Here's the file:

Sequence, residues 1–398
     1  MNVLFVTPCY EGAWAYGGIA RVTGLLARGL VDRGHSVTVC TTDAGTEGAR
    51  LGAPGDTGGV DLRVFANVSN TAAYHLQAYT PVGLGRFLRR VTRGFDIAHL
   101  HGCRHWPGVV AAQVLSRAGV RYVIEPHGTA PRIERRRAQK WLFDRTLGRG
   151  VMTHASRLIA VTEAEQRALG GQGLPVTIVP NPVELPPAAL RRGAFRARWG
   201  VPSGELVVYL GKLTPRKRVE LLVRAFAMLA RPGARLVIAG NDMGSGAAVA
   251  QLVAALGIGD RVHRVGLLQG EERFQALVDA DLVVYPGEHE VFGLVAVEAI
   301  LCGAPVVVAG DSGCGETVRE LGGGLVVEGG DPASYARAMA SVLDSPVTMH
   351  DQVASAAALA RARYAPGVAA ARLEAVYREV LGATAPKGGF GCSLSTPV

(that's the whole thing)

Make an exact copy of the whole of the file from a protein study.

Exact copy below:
Sequence, residues 1–398
     1  MNVLFVTPCY EGAWAYGGIA RVTGLLARGL VDRGHSVTVC TTDAGTEGAR
    51  LGAPGDTGGV DLRVFANVSN TAAYHLQAYT PVGLGRFLRR VTRGFDIAHL
   101  HGCRHWPGVV AAQVLSRAGV RYVIEPHGTA PRIERRRAQK WLFDRTLGRG
   151  VMTHASRLIA VTEAEQRALG GQGLPVTIVP NPVELPPAAL RRGAFRARWG
   201  VPSGELVVYL GKLTPRKRVE LLVRAFAMLA RPGARLVIAG NDMGSGAAVA
   251  QLVAALGIGD RVHRVGLLQG EERFQALVDA DLVVYPGEHE VFGLVAVEAI
   301  LCGAPVVVAG DSGCGETVRE LGGGLVVEGG DPASYARAMA SVLDSPVTMH
   351  DQVASAAALA RARYAPGVAA ARLEAVYREV LGATAPKGGF GCSLSTPV